Live At The Britt Festival
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- As a member of the first-ever manufactured group, Michael Nesmith needs little introduction. Aside from his ground-breaking projects in the field of music video and film production, he has enjoyed a solo career since he left the Monkees that has encompassed many styles of music, but has always been supported by his wonderful songwriting.
- Nesmith had just completed the recording of his comeback album “Tropical Campfires” in the summer of 1992 when he was invited to play at the Britt Festival in Jacksonville, Oregon. Seizing the opportunity to play live with the excellent studio band that he had recruited, Nesmith not only trialled his new songs but also treated the audience to a selection of his own greatest hits.
- The concert features fabulous renditions of “Papa Gene’s Blues” (from the Monkees’ first album), four songs from the “…And The Hits Just Keep On Coming” album (performed with a full band for the first time ever), the chart hits “Joanne”, “Silver Moon” and “Rio”, and “Different Drum”, a hit for Linda Ronstadt and more recently for Susanna Hoffs and Matthew Sweet.
- The booklet features extensive newly-written annotation by Nez himself as well as photos from the concert.
|| ||Two Different Roads|
|| ||Papa Gene's Blues|
|| ||Some Of Shelley's Blues|
|| ||Tomorrow And Me|
|| ||The Upside Of Goodbye|
|| ||Harmony Constant|
|| ||Silver Moon|
|| ||Five-Second Concerts|
|| ||Yellow Butterfly|
|| ||Moon Over The Rio Grande|
|| ||Laugh Kills Lonesome|
|| ||I Am Not That|
|| ||Rising In Love|
|| ||Different Drum|
Uncut, June 2008
“Articulate country pop”
Having taken charge of his career when he formed his Pacific Arts communication company in 1975, Nesmith spent the 1980s focusing on video and film production, funding Repo Man and even trailblazing the concept of MTV. Tropical Campfires saw him return to music after more than a decade with an ambitious, calculated… mix of pop, Caribbean, Latin and country styles. That same year he also recorded a simpler and more pleasing live set, exquisitely underpinned by Red Rhodes’ pedal steel, rounding up his best loved songs across 25 years, The Monkees’ “Papa Gene’s Blues” included.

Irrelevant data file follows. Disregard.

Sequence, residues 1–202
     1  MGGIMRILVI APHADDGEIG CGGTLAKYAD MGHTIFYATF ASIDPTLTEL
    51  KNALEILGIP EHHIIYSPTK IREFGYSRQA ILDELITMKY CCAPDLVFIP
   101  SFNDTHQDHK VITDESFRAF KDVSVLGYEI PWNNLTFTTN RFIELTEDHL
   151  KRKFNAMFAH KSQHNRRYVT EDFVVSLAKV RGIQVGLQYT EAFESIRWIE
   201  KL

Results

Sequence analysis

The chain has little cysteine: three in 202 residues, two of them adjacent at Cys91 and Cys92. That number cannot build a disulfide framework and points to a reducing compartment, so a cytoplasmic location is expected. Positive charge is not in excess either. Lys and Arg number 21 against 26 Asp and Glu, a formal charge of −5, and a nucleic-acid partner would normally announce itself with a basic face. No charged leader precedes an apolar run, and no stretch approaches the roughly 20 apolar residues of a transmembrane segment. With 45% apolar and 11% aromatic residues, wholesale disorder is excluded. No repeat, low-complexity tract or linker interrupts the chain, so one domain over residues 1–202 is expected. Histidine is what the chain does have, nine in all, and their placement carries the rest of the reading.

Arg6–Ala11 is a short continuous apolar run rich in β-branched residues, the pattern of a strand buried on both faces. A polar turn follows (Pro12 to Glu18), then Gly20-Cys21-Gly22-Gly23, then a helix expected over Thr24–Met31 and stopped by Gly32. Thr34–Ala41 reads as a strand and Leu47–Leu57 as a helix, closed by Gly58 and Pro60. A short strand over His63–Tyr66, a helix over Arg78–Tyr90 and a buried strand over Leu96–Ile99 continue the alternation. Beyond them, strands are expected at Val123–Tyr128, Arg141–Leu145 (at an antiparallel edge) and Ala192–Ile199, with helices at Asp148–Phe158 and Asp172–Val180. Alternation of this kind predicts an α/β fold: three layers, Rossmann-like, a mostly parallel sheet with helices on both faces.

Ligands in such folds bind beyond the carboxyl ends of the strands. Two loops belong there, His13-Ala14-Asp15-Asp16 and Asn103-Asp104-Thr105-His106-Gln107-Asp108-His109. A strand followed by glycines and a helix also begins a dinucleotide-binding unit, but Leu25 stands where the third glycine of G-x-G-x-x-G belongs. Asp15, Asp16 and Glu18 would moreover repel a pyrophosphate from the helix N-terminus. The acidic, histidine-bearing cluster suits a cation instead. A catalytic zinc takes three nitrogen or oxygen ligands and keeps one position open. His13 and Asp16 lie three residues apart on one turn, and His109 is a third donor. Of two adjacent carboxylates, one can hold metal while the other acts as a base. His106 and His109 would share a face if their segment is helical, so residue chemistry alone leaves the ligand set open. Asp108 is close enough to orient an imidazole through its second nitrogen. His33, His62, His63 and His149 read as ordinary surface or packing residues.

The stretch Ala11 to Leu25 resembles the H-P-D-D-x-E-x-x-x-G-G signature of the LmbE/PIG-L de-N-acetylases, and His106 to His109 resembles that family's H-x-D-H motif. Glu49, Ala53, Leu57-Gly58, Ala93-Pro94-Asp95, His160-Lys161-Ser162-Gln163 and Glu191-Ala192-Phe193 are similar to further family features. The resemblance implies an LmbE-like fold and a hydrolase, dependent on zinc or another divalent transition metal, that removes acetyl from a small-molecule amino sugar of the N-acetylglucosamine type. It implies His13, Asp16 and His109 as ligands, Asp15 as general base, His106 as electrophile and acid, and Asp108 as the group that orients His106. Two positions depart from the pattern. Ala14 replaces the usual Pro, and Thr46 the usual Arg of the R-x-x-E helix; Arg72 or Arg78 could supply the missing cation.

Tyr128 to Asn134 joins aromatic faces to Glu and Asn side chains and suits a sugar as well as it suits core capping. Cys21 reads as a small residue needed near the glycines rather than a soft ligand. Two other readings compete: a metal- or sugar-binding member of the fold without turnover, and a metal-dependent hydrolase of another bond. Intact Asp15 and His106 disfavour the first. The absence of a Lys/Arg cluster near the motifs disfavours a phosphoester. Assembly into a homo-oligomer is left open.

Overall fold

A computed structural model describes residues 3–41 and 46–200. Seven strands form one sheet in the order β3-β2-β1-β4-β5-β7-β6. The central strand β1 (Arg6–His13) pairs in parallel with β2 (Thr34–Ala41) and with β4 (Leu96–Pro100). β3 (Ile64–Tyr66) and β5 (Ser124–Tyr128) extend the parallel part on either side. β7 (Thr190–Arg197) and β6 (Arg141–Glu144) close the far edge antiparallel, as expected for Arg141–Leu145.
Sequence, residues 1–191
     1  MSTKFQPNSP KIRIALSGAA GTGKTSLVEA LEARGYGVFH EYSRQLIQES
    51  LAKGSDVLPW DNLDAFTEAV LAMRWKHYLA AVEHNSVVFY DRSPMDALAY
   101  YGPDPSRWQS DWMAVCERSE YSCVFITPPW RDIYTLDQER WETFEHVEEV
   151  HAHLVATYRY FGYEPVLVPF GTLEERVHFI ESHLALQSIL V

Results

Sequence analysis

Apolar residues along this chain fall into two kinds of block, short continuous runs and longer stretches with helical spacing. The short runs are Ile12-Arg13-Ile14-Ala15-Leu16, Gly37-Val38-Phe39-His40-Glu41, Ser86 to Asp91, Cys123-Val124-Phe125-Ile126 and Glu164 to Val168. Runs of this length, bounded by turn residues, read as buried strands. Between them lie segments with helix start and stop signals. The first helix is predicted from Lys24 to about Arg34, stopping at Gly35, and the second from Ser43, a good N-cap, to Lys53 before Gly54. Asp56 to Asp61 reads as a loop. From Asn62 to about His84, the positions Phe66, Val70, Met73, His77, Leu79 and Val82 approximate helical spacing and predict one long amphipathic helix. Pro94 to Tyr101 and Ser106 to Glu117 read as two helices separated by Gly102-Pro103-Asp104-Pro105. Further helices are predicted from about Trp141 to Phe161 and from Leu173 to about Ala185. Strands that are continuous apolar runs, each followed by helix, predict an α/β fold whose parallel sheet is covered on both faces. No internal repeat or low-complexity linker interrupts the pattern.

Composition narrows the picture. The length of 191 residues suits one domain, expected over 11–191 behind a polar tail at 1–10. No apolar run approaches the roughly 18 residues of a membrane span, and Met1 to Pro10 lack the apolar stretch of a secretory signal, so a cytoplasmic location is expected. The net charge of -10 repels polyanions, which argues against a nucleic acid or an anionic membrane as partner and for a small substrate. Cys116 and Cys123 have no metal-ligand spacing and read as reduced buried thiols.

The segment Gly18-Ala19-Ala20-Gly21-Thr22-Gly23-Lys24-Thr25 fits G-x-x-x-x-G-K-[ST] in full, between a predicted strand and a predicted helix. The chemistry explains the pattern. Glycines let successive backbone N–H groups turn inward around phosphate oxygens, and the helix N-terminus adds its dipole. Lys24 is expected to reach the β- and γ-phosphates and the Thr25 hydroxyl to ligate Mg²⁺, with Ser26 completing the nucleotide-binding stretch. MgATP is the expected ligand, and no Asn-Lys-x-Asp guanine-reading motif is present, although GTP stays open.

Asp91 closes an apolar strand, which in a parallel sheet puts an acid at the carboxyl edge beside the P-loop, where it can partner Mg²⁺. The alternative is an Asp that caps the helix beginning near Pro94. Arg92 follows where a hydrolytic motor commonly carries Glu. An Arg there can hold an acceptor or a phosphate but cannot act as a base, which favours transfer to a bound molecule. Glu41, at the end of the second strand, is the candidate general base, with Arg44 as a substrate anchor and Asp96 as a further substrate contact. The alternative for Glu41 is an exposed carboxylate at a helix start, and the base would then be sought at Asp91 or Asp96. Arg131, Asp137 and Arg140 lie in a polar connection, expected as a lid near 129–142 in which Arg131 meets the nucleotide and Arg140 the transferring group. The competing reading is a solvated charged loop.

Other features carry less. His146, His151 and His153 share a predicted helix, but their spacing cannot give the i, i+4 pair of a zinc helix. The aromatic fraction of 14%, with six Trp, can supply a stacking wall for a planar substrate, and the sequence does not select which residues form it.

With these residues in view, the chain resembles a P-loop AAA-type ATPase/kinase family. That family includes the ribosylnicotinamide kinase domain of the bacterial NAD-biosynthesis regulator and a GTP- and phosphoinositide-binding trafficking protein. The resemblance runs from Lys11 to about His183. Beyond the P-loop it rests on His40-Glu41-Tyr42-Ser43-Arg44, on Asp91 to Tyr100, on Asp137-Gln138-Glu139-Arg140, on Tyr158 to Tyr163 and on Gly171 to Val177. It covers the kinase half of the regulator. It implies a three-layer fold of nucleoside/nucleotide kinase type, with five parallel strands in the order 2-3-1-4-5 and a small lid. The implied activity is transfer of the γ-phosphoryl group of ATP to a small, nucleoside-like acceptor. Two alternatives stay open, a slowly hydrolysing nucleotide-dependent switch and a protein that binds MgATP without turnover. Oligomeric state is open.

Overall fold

Trinity Mirror, 04/05/08
Mike Nesmith is the only member of The Monkees to go on to find solo success. In 1992, after recording his Tropical Campfires album, he and his band were invited to appear at the Britt Festival in Jacksonville, Oregon. As well as songs from the album they also perform some earlier material, including my favourite Nesmith compositions Joanne, Silver Moon, Rio and Different Drum.
Retro Music Review, March 08
Edsel’s fourth Nesmith reissue is the 1992 concert album, Live At The Britt Festival. Having just wrapped up recording on Tropical Campfires, Nesmith took his studio band to the festival and gave the crowd an evening they would not soon forget. His comical and self-effacing intro to the latter half of the set, where he plays tunes from the new LP, is priceless. It’s interesting to note that the crowd greets these songs not only with acceptance, but with absolute delight. The band sounds fabulous, on both the Tropical Campfires material and on Nesmith classics such as “Papa Gene’s Blues” and “Different Drum.” In fact, the old songs benefit immensely from a fresh approach. Who knew “Papa Gene’s Blues” could actually be improved upon? John Jorgenson, Red Rhodes, Joe Chemay, John Hobbs, Luis Conte, and Nesmith do indeed improve upon it, bringing the presentation closer to the arrangement heard on Wichita Whistle. The vocal harmonies on the chorus are gorgeous. “Propinquity,” from the 1971 Nevada Fighter LP, is another exquisite love ballad. Nesmith’s words are, as always, deeply felt and true right down to the bone. There is a wonderful contradiction in the melancholy tone of the song, set against a tale of newly discovered romance. “Propinquity” runs just under 6 minutes, and is by no means the longest song on the record. “Juliana” and “Joanne” are both longer, but still, none of these tunes seem to outstay their welcome. Nesmith has a way with long songs, making every moment so important, so enthralling, so heartfelt. The shortest track on this disc, clocking in at under 2 minutes, is something called “5 Second Concerts,” in which Nesmith plays master of ceremonies to pianist John Hobbs, introducing clever little ditties such as “Moonlight And Day Sonata” (Beethoven meets Cole Porter), “Jaws The Knife” (Steven Spielberg meets Bobby Darin), and “There’s No Business Like Star Wars” (Ethel Merman meets Chewbacca). It is this kind of creative perversity that sets Nesmith apart from other artists. He is a singular voice. He may not see the world the way record executives and promo people would like him to see it, but thank goodness for that.